Come all ye young both great and small, I hope you will draw near,
I'll tell you the truest story that ever you did hear;
I courted a handsome young comely girl, her age was scarce sixteen,
Her beauty bright would me delight till I brought her to shame.
I courted her in private till I with her a child,
She's being a farmer's daughter and I his servant man;
And how to gain her innocent life, I screamed a plan in time,
All in the country of Longford, confined all in her room.
It being on a Sunday's evening, as you may plainly see,
To her I wrote a letter, and soon she came to me;
I said, "Dear Ann, If you will come back, to Longford we will go,
It's there that we will get married, I am sure that no one will know."
The night being dark we both set out to cross the country,
'Twould bring the tears down from your eyes what she had said to me;
And just before I murdered her, I made her this reply,
Saying, "Ann you will go no further for it's here that you must die."
"Oh, James, think on your innocent young and spare to me my life,
And don't you commit a murder this dark and dreary night;
I'll promise to God here on my knees I'll never let no one know,
Or ever come to trouble you or ask to be your wife."
But all she said had proved in vain till I had stab her sore,
'Twas with a loaded weapon I laid her in her gore;
Her blood and brains did stain the ground, her moans would pierce your heart,
And when I thought I murdered her, all from her I did part.
She was alive the next morning just at the break of day,
When a shepherd's only daughter, by chance she strolled that way;
She saw her lying in her gore, she then asked for relief,
And told her of her guilty wounds, and then asked for the priest.
Both priests and doctors were sent for, they found her there likewise,
When they got information, they dressed all in disguise;
They quickly then surrounded him and put him through a drill,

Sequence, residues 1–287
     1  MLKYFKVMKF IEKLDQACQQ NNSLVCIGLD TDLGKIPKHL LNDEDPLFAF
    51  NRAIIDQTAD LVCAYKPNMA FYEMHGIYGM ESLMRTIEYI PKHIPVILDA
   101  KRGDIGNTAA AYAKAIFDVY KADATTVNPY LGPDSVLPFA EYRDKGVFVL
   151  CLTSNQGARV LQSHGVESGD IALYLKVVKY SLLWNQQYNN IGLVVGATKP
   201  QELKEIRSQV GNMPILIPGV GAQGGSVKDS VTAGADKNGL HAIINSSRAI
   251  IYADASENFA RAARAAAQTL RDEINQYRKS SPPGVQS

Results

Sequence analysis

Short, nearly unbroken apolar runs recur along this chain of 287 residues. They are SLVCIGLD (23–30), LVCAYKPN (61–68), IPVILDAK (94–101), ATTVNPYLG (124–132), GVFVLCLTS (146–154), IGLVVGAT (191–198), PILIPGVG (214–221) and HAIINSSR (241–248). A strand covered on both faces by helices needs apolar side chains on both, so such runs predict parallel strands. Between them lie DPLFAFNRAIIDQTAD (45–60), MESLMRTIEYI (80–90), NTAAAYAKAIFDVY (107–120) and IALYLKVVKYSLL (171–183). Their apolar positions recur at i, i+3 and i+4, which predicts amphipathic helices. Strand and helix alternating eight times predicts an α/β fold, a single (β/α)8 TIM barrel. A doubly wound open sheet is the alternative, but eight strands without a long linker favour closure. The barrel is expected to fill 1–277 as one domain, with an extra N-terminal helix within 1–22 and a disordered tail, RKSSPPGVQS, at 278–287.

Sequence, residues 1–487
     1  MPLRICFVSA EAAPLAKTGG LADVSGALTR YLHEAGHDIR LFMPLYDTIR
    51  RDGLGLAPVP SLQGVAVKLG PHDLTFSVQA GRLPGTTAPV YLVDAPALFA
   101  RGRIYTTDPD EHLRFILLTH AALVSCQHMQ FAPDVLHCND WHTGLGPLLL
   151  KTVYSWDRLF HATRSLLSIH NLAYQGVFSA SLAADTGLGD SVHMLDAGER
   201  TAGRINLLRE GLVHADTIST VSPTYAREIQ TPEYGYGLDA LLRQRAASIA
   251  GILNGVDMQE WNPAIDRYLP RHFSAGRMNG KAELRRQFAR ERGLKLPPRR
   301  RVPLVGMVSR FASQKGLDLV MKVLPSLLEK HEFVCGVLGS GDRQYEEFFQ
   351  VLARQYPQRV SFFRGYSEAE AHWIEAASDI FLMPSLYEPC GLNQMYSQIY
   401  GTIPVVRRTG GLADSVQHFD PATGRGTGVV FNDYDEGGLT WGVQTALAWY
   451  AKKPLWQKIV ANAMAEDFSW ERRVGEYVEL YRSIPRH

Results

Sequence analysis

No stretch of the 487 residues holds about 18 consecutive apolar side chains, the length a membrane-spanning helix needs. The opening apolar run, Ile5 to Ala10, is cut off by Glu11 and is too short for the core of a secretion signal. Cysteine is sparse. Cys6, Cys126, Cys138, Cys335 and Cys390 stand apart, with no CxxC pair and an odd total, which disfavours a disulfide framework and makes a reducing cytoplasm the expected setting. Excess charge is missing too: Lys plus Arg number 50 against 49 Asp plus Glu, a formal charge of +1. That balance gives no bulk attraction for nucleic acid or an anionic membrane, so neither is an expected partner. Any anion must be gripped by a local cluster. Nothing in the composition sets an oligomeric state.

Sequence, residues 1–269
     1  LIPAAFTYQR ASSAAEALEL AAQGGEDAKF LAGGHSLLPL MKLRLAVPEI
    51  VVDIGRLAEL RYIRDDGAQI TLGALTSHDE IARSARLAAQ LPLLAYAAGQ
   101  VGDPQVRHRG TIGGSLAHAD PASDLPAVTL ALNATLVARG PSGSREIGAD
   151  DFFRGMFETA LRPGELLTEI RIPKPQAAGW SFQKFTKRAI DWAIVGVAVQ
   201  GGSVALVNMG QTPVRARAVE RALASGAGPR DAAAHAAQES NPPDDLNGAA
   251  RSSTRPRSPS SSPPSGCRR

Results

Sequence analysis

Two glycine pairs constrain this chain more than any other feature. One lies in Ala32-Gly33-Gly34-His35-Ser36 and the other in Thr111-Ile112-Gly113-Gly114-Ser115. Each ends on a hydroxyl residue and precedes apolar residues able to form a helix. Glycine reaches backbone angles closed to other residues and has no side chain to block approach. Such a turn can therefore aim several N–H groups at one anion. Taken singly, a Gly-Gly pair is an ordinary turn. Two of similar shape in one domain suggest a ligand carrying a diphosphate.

A prisoner he was taken and put in Longford jail.
The judge he passed his sentence and this to him did say,
"For the murdering of young Ann O'Brien,
Your country boy shall see,
On the fourteenth day of April, he'll be hung on the gallows tree."
Oh, James McDonald it is my name, now from life I must part,
For the murdering of young Ann O'Brien I am sorry to my heart;
But I hope that God will pardon me all on my judgement day,
And when I'm standing on this trap good Christians for me pray.
Collected in 1950 from Theresa White [b.ca.1934] of Port au Port, NL, and published in MacEdward Leach And The Songs Of Atlantic Canada © 2004 Memorial University of Newfoundland Folklore and Language Archive (MUNFLA).
A variant was also collected in 1952 from George Carew of Trepassy, NL, and incorrectly published as Mary Brien in MacEdward Leach And The Songs Of Atlantic Canada © 2004 Memorial University of Newfoundland Folklore and Language Archive (MUNFLA).
A variant was also recorded on MacEdward Leach's album Songs From The Out-Ports Of Newfoundland (Folkways, 1966).
Another variant was collected in 1958 from Mrs. Thomas (Annie) Walters of Rocky Harbour, NL, by Kenneth Peacock and published as The Murder Of Ann O'Brien in Songs Of The Newfoundland Outports, Volume 2, pp.622-623, by The National Museum Of Canada (1965) Crown Copyrights Reserved.